Everyone’s Doing It
While there have been more-hyped equipment stories this year, nothing has impressed me like the movement towards large putter grips, primarily SuperStroke grips. From winning majors (Phil at the British and Jason Dufner at the PGA Championship) to earning rave reviews from equipment geeks, these large putter grips seem to be everywhere. So, should you try one?
The Short Answer
If you’re a short answer guy: yes, you should try a big putter grip, assuming that you’re not putting well. If you’re already putting well, why are you even reading this? Get out on the course and make some money.
The Long Answer
If you really want to get the most out of your putting, there are a number of things you’ll want to consider when changing your putter grip. First, let’s examine some of the differences between grips.
Though you may not realize it, putter grips come in a wide variety of shapes. The most common putter grip is a “pistol” grip with a flat top surface and a rounded back, but there is variety even within that category: different amounts of taper and different shaping of the back of the grip can produce very different grips.
Beyond the standard pistol grip, there are a variety of more exotic shapes. Most of the SuperStroke grips seen here are mostly round with a small flat surface on the top of the grip. SuperStroke also makes a “Flatso” model (above, on the right) with an extended flat surface and a hexagonal shape.
Finally, there is a small minority of players who use completely round grips on their putters.
I mentioned taper briefly in Shape, but it’s worth a discussion all its own. A grip’s taper refers to how much smaller it gets as you move from the butt of the club towards the head. Just as every player has preferences for size and shape, they will likely have a preferred amount of taper in their grips.
It’s very common for golfers to build up the bottom of their grips with grip tape to try to give the grip a consistent circumference from top to bottom, thus eliminating the taper. The reasoning behind this is that many players believe a smaller grip leads to more hand/wrist action, thus a grip with a lot of taper could lead to hooks.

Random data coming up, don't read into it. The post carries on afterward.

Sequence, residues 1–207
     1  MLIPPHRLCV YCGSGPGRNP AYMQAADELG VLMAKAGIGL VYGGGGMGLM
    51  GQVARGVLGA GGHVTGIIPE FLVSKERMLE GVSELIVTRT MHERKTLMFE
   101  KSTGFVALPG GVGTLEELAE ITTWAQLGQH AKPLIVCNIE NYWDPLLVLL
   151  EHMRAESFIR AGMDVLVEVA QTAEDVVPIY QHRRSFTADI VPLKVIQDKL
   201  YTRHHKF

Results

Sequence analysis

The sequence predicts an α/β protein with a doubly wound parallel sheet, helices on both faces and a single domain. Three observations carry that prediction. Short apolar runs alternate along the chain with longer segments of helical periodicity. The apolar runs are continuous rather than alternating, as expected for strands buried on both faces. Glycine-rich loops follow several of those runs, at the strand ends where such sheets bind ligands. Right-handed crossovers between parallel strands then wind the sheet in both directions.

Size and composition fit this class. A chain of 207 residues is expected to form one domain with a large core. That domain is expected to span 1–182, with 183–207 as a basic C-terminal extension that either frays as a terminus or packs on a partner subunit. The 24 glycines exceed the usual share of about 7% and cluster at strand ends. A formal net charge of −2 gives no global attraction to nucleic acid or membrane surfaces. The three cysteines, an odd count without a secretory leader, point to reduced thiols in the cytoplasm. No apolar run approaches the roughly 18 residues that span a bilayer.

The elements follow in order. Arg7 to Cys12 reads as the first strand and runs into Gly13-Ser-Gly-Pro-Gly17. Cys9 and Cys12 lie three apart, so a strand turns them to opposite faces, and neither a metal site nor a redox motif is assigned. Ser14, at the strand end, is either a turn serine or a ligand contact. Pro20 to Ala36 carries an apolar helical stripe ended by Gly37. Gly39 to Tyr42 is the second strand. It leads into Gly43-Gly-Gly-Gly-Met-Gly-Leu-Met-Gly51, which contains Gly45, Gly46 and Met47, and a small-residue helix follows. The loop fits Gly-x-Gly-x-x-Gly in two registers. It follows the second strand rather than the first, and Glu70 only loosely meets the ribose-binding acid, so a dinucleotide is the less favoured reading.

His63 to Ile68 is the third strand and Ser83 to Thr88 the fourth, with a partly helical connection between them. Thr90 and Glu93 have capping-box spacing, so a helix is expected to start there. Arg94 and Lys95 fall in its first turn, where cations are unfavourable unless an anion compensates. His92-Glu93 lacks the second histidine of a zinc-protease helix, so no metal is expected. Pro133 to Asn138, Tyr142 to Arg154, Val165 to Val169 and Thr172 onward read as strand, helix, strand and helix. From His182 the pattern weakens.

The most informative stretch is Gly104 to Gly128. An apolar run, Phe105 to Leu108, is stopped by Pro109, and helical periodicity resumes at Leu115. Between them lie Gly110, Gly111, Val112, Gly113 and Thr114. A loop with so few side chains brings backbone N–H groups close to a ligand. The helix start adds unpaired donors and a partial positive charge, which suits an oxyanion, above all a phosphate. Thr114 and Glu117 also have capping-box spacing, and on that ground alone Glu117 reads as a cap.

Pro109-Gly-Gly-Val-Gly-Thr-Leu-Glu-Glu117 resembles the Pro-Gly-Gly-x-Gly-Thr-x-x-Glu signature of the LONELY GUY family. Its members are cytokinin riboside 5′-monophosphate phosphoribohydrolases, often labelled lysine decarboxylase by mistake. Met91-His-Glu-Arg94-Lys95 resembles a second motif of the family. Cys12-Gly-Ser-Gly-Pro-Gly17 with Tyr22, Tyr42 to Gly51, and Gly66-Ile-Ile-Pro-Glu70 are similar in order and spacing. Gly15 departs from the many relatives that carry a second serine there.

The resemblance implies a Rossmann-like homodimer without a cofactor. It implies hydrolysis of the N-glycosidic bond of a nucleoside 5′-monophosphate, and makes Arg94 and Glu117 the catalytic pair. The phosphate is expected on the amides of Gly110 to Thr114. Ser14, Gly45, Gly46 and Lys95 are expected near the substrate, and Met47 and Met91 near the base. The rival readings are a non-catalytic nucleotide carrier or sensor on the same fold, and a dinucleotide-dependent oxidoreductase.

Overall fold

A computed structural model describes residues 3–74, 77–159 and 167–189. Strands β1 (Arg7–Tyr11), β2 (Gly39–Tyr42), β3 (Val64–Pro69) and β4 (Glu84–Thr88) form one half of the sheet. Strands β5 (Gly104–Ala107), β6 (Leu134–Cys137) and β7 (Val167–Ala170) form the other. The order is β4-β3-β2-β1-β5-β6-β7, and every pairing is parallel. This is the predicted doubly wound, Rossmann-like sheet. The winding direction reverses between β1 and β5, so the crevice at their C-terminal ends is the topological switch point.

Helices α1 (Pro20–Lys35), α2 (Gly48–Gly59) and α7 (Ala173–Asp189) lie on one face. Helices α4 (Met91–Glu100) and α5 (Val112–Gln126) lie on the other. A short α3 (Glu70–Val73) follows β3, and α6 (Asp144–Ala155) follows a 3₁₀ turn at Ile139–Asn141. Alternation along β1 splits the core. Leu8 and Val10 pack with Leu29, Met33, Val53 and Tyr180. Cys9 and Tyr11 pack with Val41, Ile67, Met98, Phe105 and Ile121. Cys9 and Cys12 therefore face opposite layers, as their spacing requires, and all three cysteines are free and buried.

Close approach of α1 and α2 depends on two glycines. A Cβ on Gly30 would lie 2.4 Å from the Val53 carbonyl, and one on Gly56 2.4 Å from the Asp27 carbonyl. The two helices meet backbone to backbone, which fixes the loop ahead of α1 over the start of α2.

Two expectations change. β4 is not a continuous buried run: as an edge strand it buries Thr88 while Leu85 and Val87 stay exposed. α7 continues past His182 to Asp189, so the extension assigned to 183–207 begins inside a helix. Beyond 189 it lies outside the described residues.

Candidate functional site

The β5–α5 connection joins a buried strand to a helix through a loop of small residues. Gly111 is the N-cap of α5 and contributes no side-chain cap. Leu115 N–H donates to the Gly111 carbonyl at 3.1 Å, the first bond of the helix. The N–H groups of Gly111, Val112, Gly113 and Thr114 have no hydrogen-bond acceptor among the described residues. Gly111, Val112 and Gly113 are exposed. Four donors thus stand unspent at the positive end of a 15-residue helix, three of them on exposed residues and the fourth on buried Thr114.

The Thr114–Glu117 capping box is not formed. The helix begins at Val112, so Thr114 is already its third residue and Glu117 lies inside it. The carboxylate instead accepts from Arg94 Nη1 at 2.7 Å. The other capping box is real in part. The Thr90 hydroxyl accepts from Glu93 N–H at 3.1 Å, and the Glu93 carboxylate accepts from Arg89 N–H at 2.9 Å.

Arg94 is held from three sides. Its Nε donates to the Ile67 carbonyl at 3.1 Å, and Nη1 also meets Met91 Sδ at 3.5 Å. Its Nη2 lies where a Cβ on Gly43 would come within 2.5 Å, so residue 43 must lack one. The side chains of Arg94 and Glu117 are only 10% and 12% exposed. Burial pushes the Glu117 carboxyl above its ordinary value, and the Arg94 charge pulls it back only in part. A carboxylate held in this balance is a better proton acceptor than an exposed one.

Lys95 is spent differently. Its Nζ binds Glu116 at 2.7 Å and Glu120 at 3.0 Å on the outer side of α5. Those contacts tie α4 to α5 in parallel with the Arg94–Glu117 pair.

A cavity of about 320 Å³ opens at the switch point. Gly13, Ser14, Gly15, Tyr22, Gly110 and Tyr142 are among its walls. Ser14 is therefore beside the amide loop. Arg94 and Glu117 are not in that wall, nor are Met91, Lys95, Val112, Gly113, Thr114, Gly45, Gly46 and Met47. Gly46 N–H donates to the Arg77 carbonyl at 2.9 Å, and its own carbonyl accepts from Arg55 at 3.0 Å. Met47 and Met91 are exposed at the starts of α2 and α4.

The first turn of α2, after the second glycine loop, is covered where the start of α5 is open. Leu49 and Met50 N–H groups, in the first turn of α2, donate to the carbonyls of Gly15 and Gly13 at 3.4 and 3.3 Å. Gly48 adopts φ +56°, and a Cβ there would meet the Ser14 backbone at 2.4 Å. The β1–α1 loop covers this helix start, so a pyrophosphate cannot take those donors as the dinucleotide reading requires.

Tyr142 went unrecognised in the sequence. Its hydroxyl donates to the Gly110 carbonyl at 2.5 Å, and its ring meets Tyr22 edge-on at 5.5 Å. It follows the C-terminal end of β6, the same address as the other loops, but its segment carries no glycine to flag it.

One of the primary things that I like about SuperStroke grips is that they don’t have any taper: they’re perfectly even along their entire length.
This is, of course, the one factor that everyone thinks about when they look at these new grips. SuperStroke offers their signature grip in diameters ranging from 1” (Ultra Slim 1.0) to 1.67” (Fatso, 5.0).
The USGA limits putter grip size at 1.75”.
The weight of the grip can have a major impact on the way that the club feels in your hands. A lighter grip makes the club head feel heavier because it increases the swing weight. Conversely, a heavier grip makes the head feel lighter.
One of the reasons that larger grips are becoming so popular is they no longer need to be heavy; many of the SuperStroke grips weigh around 60 grams, a very standard weight. Regardless of whether you’re switching to a heavier or lighter grip, it’s important to consider how it will change the feel of the putter head.
So What Grip is For Me?
Most people will go to the store, fiddle around with a few different grips, then toss one on the counter. That’s a fine process since comfort is king when it comes to grips. My process is just a touch more detailed.
Get Some Data
Before you make any changes, get a little bit of data on your current putting. How much data you want is entirely up to you, but establishing a baseline is critical to knowing whether or not you made a good change. Personally, I would collect a combination of on-course performance (putts per round, putts per GIR, average length of putt made) and putting green work (% of putts made from various distances with notes on the misses: left, right, short, or long).
Feel Up Some Grips
This is the most important part of the process. You need to find a grip that has a shape and size that is comfortable to you. Don’t rely on sizing charts, salespeople, or what anyone on tour plays. Only you know if a grip feels comfortable and gives you confidence.
Don’t Lose Weight
Before you chop the current grip off your putter, measure the swing weight. After the new grip is installed, make the necessary adjustments to get the swing weight back to your preferred number.
Practice, Play, and Get More Data
Now that you have your new grip, get out and practice with it. Once you’ve broken it in, collect some more data to find out if the new grip really did help.
Repeat until you find putting nirvana.
Should You Try a Big Putter Grip?
Yes. Ultimately, the putter grip is part of your equipment, and you should be fit for it. It’s the only thing that attaches you to the club, and it’s tremendously important. SuperStroke and other manufacturers have given golfers an unprecedented amount of choices, and we should go out and take advantage of that. I know I will.
If you have any questions, please post them below and I’ll be happy to answer them.
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